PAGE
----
Message from the Chair

This year we are a decade removed from the time when  scholars from leading area studies institutes met to establish the Consortium of Southeast Asian Studies in Asia or SEASIA.  Since its inaugural international conference in 2015, SEASIA founding institutes have organized four such biennial conferences, attended by more than 1,500 scholars, researchers, and practitioners from all over the world, and especially from our region. 

The wide participation in SEASIA conferences and activities attests to the continuing importance of our mission of providing a platform for Southeast Asianists in the region and beyond to share knowledge, information, expertise, and experiences.  Through such exchanges, the Consortium seeks to contribute to the promotion of multidisciplinary and research-based Southeast Asian perspectives and narratives.

Today, as the region starts to move past the Covid-19 pandemic, we are seeing a return to business as usual, and the narrowing space for new paradigms, processes, and practices. 

While we might lately have imagined the passing of a time when our nations could be considered the territorial extension of imperial powers, Southeast Asians once again find ourselves navigating the resurgence of great power rivalries, adapting to and finding opportunities to assert regional and national perspectives and interests. While advanced countries seek to “rebalance” toward East Asia (notably, Southeast Asia’s “emerging markets”), we continue to confront age-old problems: growing inequality within and across countries; low technology and productivity; unsustainable energy consumption and environmental degradation, and, weak political institutions. At the same time, the region is also seeing increasing domestic contestations – the outcome of the Polanyian paradox of the double movement due to the increased interaction between the North and the South, center and the periphery, and tradition and modernity.  What will emerge from the push and pull of these currents remains to be seen.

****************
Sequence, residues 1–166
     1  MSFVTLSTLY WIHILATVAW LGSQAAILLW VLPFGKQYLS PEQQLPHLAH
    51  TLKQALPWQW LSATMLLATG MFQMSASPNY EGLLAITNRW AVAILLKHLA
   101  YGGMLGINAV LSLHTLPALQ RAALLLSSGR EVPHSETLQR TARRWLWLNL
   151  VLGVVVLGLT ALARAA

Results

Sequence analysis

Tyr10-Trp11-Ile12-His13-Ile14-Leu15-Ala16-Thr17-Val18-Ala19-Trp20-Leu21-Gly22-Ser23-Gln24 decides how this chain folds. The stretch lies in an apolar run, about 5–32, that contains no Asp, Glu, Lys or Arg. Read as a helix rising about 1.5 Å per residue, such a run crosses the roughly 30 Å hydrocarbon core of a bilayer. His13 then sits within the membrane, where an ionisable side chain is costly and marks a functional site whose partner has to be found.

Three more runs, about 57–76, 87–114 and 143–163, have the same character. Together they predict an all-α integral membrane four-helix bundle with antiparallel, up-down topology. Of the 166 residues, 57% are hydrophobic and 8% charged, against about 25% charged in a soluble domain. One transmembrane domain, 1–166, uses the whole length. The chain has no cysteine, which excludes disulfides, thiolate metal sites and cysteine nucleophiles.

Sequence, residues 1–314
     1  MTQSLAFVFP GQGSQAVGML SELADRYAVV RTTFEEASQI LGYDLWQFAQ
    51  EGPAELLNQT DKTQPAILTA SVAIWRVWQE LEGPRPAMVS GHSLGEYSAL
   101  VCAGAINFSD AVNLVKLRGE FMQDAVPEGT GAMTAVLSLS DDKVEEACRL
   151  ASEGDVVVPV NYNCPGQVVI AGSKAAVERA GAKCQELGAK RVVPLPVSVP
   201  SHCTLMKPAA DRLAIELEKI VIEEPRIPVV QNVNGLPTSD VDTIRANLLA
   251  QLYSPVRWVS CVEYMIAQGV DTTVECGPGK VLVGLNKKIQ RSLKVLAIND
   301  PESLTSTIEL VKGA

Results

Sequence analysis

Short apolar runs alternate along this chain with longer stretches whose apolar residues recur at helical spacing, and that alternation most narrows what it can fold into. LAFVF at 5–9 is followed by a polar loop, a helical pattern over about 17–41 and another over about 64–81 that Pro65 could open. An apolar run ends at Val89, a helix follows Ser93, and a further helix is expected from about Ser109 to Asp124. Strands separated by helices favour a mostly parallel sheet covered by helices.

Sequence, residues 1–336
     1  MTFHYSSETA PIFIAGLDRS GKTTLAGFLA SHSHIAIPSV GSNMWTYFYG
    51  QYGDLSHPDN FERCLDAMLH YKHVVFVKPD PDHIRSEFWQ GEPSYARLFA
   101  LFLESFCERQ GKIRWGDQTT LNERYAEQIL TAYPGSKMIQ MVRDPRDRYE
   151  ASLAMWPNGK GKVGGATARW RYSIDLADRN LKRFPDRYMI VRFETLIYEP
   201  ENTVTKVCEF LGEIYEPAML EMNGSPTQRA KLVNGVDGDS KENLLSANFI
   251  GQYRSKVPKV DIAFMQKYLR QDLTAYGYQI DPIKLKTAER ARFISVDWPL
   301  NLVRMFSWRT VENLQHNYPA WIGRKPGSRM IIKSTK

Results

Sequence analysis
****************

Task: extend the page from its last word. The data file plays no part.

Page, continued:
It is thus incumbent upon us – as scholars, policy makers, pubic intellectuals, and social activists – to examine the opposing trends and currents in order to better anticipate opportunities and risks presented by the current conjuncture, and the promotion of a Southeast Asian consciousness that builds on our common interests as a region yet takes into account the diversity in our countries’ history in political and nation-building, cultural institutions, and levels of economic development.  

It is our hope that through our biennial conferences and other activities, SEASIA will contribute to sharpening and deepening analytical frameworks and guides to action toward building a just, progressive, and sustainable future for the region and the world.

                                                               Antoinette R. Raquiza, PhD